After the Leaves Turn
After the leaves change color and before the heat of mid-summer burns, weeks, months and whole seasons can be tracked by the behavior and movement of birds.
When snow storms pummel alpine and subalpine areas of the Western Mountains, Rosy-finches such as this Gray-Crowned Rosy Finch wander downslope to places where seeds can still be found.
The arrival of Boreal Chickadees heralds the arrival of winter in many northern states, as several boreal species move south to survive the winter.
Shrikes are like time-share owners, with Northern Shrikes replacing Loggerhead Shrikes in many northern parts of North America, until each species moves still farther north to breed.
This loggerhead shrike hunts from the thorny bush that will later protect its nest and young.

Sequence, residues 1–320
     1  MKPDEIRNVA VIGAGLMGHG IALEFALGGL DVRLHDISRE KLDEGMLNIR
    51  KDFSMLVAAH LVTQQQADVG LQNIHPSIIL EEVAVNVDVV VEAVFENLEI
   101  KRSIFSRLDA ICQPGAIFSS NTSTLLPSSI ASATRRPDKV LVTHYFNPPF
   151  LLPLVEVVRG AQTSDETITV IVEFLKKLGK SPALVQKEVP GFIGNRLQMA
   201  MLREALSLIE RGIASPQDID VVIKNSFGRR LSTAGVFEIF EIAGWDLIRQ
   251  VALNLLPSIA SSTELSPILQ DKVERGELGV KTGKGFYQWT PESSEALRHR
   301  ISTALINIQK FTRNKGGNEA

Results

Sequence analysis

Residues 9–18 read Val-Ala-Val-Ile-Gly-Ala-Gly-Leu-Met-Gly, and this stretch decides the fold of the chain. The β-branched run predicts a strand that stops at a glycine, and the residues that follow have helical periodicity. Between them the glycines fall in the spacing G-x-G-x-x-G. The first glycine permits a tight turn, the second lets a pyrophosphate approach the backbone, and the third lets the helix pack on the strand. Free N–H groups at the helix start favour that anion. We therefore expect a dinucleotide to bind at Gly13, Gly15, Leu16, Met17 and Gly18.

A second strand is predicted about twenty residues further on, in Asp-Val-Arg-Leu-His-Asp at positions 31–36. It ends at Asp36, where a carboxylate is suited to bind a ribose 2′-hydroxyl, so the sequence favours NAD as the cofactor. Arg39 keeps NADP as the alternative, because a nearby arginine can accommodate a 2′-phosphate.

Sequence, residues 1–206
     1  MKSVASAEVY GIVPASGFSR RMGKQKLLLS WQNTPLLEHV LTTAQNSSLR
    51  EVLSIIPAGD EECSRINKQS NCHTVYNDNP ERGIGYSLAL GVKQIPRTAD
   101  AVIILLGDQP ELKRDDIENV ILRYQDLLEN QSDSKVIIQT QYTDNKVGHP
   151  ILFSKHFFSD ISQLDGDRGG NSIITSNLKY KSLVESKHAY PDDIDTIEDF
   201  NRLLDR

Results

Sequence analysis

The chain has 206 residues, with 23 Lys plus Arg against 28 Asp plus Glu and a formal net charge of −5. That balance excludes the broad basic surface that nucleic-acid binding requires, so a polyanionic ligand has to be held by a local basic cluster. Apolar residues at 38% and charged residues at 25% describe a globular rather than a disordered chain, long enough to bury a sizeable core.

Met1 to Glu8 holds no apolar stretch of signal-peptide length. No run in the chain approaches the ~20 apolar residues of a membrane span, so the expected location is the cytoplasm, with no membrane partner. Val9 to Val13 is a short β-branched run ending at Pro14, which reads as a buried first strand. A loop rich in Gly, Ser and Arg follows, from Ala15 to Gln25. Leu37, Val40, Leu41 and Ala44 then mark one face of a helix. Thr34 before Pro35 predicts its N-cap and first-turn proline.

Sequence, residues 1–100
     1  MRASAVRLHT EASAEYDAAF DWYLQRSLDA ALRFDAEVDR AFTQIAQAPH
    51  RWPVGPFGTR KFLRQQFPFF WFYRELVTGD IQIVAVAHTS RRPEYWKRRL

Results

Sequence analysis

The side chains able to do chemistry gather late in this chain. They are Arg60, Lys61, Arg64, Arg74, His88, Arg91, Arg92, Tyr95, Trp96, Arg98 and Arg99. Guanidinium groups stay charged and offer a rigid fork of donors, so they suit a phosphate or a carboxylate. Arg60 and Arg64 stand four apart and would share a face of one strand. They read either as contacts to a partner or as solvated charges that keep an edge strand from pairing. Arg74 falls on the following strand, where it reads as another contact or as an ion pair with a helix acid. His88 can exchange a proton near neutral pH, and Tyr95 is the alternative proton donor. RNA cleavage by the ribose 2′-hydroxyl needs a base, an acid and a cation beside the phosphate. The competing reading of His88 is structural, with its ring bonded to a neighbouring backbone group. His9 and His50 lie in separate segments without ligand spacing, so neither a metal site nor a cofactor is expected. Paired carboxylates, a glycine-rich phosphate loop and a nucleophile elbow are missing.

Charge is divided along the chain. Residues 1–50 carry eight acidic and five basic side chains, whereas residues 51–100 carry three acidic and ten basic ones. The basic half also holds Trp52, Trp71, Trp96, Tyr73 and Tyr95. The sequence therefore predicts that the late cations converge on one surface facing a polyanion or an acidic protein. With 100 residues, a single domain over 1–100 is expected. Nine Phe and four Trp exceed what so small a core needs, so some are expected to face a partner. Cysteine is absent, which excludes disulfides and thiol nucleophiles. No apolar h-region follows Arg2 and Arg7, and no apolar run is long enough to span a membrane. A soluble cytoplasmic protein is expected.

When the bubbling echoing calls of Greater Sage Grouse greet the dawn at traditional lek sites, surely the snow is receding and spring is around the corner.
The melodic call of the Meadowlark heralds spring throughout North America and reminds us why so many states have selected it as their state bird.
Great Gray Owls can be extremely nomadic, wandering south or to lower elevations in winter. By the time spring has arrived, these ghosts of the northern forests might me on nests hundreds of miles away from their winter haunts.